Quarantine is for people who may have been exposed to the coronavirus through close contact with someone who tested positive. This helps prevent spread of disease that can occur before a person knows they are sick or if they are infected with the virus without feeling symptoms. People who are experiencing symptoms of COVID-19 should get tested immediately and stay home while they wait for their results.
If you have been exposed to a positive case and are fully vaccinated (two weeks past your final dose of vaccine) or have had COVID-19 within the past 90 days, you do not need to quarantine unless you are experiencing symptoms. However, you should complete a USU COVID-19 Questionnaire, upload your vaccine record to aggiehealth.usu.edu, get tested 3-5 days following a known exposure to someone with suspected or confirmed COVID-19, and wear a mask in public indoor settings for 14 days or until you receive a negative test result. The CDC provides more information for fully vaccinated people.
If you are notified that you have been exposed to a case on campus, you must respond to case containment staff so they can clear you from the quarantine requirement by verifying your vaccination proof or your positive case within the past 90 days.
Why You are Asked to Quarantine
People are typically asked to quarantine for one of the following reasons:
- Someone in your household has tested positive for COVID-19. Your household includes those you live with in the same apartment, room or suite.
- You have had close contact with an individual who tested positive for COVID-19 in the last 14 days.
- You have been asked to quarantine by public health or university officials.
- You are experiencing COVID-like symptoms and have or plan to get tested for COVID-19. You must quarantine at least until you get your test results back and are cleared by your USU case investigator.
Your household includes those living in your home, room, suite, or apartment.
If you live with someone who tests positive for COVID-19, you need to quarantine for at least 10 days.
You are at a much higher risk of getting infected with the virus. Do not end quarantine before 10 days, even if you test negative. It can be very hard to stay isolated from people who have COVID-19 and live in your home. This means you may need to quarantine longer than 10 days if you can’t stay away from the person who was sick. Every time you come into close contact with the person who tested positive while they are infectious, your 10-day quarantine starts over.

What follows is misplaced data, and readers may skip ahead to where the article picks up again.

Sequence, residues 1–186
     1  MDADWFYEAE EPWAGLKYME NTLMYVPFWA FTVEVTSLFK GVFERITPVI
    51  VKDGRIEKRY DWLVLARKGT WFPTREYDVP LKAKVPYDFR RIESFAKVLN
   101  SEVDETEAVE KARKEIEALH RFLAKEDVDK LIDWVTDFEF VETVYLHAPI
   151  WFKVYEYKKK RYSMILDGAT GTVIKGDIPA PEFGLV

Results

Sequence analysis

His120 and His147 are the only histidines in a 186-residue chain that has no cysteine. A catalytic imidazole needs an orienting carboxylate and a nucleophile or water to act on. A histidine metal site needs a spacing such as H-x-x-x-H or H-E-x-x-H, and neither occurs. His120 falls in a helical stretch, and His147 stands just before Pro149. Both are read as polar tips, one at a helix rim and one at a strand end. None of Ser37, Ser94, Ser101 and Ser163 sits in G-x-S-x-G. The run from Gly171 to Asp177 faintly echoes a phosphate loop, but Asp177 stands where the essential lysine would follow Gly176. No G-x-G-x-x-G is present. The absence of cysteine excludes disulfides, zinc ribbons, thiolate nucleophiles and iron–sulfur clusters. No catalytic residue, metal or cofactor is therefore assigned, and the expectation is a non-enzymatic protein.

Close Contact Defined
The CDC defines close contact as including the following:
- You were within 6 feet of someone who has COVID-19 for a total of 15 minutes or more
- You provided care at home to someone who is sick with COVID-19
- You had direct physical contact with the person (hugged or kissed them)
- You shared eating or drinking utensils
- They sneezed, coughed, or somehow got respiratory droplets on you
What to Do During Quarantine
While you are in quarantine, you should still maintain your physical and mental well-being.
- Stay home.
- Stay in a separate bedroom from others in your household and use a separate bathroom as much as possible, even if everyone in your household is also in quarantine.
- When you must be around others in your household, wear a face covering, even if you are all quarantining at the same time.
- You may leave your home to get fresh air, do laundry, seek medical care, or for other essential reasons. ALWAYS wear a face covering and stay at least 6 feet from others.
- If you are waiting on test results, when you receive them, update your COVID-19 Questionnaire.
Who to Contact with Concerns
If you have questions or concerns about your quarantine, contact the case containment team at email@example.com or your specific case investigator.
Monitor Your Health
Watch for COVID-19 symptoms: fever, cough, shortness of breath, sore throat, muscle aches or pains, or chills. Seek COVID-19 testing immediately. Testing is offered on the Logan campus to students and employees, as well as health providers across the state.
Where You Should Quarantine
USU encourages you to quarantine or isolate where you live.
Students: If you choose to go to your permanent home, you may put members of that household at risk of infection. Please consider whether individuals in your permanent home are at a higher risk for COVID-19 complications or if you may expose others to the coronavirus during your travel home.
USU follows all guidance on quarantine and isolation from the CDC, Utah Department of Health, and local public health officials. Private physicians may provide a treatment plan for their patients that differs from this guidance. However, USU will continue to follow these established practices from the Utah Department of Health:
- On day 10 without testing. If you don’t have symptoms of COVID-19, you can end quarantine 10 days after the last time you had close contact with the person who tested positive. If you choose to end quarantine on day 10, you must wear a mask and closely monitor your symptoms for 14 days.
- On day 7 with a negative test result. You must wait at least 7 days after your exposure to be tested. If your test is negative and you do not have any symptoms of COVID-19, you can end quarantine. If you decide to end quarantine on day 7, you must wear a mask and closely monitor your symptoms for 14 days.
- On day 10 when living with someone who has COVID-19. If someone in your same household has COVID-19, you must quarantine for 10 days after the last time you were around the person who has COVID-19.
Submit a COVID-19 Questionnaire
Fill out the questionnaire if you are experiencing symptoms, have tested positive for COVID-19, have been exposed to someone who tested positive, or if you have been asked to quarantine by health officials.